November should also see the return of large schools of longtail tuna into the bay along with mac tuna, frigate tuna, cobia and Spaniards.
Finding good clean water with current flow and abundant bait will be a good place to start fishing. If fish aren’t visually smashing bait on the surface, sounding along drop-offs or the base off beacons will show up any activity in the depths. Look for tight balls of bait and work plastics, metal jigs, live baits or vibes through the show. Trigger a strike and the other marauding fish will usually come on the chew.
The estuaries are also fishing well with the warmer water. Threadies are in good numbers through the Brisbane River with the odd fish turning up in other river systems, like the Pumicestone passage. These are generally smaller juvenile fish and not anywhere near the size of the Brisbane River monsters. Small jew are also taking lures and baits from anglers targeting threadfin and can be a welcome surprise.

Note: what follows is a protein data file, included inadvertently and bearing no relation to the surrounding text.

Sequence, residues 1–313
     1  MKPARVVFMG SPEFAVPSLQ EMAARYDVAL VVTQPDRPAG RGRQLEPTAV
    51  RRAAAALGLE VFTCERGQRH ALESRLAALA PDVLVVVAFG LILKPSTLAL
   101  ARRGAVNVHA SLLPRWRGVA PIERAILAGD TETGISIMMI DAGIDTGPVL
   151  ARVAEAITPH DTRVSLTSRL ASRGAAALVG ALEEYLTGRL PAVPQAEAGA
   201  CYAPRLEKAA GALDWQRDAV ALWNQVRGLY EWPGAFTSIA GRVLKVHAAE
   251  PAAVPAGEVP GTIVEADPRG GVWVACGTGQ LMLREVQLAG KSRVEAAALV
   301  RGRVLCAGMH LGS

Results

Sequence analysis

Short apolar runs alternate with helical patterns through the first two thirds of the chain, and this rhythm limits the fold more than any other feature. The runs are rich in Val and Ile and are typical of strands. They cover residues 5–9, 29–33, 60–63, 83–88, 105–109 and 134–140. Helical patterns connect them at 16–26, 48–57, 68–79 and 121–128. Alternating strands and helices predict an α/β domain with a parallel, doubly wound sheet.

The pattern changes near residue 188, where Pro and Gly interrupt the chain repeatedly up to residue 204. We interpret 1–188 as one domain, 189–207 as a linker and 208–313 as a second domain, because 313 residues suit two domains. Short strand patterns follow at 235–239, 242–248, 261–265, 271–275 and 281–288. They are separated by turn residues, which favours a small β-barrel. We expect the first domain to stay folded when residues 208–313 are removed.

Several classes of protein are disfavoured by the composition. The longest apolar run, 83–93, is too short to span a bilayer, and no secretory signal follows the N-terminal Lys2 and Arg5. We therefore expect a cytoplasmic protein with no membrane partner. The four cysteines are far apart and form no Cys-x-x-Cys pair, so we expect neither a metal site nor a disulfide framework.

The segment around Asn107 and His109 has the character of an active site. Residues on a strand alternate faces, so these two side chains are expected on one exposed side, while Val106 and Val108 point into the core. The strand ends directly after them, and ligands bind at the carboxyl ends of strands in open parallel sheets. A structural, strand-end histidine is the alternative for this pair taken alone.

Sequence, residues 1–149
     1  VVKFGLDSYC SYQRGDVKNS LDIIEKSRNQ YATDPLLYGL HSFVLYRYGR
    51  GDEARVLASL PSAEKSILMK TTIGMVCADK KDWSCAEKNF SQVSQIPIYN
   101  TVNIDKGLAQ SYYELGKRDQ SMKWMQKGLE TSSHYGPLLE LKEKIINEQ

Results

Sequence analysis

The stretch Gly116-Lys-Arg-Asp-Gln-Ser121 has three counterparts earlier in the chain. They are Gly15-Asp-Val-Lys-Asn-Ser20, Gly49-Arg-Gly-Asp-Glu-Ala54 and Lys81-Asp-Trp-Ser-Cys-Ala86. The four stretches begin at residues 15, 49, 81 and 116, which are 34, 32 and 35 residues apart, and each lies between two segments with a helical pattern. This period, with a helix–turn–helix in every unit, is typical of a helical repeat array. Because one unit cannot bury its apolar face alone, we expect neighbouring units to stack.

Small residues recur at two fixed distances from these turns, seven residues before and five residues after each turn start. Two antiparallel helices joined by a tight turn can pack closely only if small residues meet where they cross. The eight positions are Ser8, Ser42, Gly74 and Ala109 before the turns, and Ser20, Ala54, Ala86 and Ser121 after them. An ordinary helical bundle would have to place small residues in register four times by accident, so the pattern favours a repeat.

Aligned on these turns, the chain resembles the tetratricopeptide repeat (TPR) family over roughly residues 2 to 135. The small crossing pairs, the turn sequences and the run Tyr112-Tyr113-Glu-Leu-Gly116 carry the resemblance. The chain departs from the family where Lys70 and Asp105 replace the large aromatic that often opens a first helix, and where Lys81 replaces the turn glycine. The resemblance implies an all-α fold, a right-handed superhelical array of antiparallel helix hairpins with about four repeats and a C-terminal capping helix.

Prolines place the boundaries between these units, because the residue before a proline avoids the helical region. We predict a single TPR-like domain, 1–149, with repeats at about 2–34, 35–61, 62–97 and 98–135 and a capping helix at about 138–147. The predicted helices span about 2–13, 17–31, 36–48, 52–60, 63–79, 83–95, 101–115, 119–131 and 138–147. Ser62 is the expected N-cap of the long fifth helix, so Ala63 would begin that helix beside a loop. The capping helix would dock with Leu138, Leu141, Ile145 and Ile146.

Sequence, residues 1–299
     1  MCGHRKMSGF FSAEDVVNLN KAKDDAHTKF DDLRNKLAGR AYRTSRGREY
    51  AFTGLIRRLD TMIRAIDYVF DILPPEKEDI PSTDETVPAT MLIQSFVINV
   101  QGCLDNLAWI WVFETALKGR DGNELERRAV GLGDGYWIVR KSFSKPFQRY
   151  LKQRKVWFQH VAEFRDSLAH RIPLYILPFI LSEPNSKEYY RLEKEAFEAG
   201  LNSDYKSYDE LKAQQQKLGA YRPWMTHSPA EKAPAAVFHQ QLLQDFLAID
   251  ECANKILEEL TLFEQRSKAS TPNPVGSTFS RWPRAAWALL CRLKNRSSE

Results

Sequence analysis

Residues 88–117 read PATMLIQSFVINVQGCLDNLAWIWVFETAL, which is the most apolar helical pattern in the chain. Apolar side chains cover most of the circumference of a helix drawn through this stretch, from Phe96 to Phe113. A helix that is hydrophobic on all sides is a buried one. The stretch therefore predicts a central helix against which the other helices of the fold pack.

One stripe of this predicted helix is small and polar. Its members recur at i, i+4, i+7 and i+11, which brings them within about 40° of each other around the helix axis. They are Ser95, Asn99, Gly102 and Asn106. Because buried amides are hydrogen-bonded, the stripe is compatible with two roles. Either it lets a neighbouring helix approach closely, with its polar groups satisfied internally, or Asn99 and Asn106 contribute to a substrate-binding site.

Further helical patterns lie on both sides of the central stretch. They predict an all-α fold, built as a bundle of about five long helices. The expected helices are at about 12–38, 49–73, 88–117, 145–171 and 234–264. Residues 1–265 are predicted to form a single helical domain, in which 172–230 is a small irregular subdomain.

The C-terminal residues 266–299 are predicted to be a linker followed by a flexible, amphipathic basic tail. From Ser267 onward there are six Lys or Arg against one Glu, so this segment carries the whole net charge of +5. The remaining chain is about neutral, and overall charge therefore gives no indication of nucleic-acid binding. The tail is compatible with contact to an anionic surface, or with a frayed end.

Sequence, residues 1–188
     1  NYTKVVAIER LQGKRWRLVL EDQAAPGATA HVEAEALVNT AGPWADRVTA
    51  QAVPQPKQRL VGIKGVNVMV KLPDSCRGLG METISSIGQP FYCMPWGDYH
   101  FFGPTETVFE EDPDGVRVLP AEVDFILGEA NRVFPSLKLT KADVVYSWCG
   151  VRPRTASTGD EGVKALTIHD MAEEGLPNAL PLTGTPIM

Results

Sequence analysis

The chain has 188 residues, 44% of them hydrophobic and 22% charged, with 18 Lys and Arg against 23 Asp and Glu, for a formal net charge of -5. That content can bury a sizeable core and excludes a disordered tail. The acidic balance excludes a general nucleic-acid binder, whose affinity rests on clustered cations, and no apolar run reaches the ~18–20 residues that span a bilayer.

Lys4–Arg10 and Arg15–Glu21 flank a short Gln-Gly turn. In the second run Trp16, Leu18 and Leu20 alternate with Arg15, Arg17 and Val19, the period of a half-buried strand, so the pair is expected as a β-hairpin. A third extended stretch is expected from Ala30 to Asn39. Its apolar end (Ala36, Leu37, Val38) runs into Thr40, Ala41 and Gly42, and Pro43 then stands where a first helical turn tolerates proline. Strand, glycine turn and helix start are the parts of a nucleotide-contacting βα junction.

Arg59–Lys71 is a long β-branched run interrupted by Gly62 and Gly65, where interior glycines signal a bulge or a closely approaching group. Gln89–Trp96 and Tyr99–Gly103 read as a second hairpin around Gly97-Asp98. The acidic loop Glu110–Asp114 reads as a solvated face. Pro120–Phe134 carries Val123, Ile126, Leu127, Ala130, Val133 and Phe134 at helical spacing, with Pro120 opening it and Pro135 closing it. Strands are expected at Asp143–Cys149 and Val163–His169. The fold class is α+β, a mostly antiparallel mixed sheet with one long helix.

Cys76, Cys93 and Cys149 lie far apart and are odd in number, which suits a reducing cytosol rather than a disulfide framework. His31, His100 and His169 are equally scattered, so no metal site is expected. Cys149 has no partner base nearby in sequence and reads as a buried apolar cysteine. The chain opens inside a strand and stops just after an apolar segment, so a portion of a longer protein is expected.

Jackal Mask Vibe TN60 is a gun lure for slow fishing the depths of the Brissy River, and also try Jackall Tranzams and TT Switchblades. The best stretch of the river for targeting these larger fish has been from the Gateway Bridge through to Breakfast creek. The river mouth is still fishing well for bream and flathead.
Boggy Creek is well worth wading around the flats during November for school flathead as the tide rises. Small bright coloured soft plastics with minimal weight are the best artificials to use around this area as there can be some large clumps of weed growing.
For boaters fishing the mouth of the Brissy River, expect also to encounter the occasional angry mangrove jack amongst heavy structure. Bridge pylons, rock bars and deep reef drop-offs are prime locations for big jacks during low light hours.
The Pine River has been fishing well for school flathead around the sand flats at the mouth right through to Dohles Rocks. Trolling along the line where the flats drop off into the channel will result in a feed of flatties. Alternatively casting soft plastics and hardbodies and drifting with the winds is probably the best way to work an area over. Most flathead in November will be schoolies from 40-60cm and should provide a good feed for anglers putting in the hard work.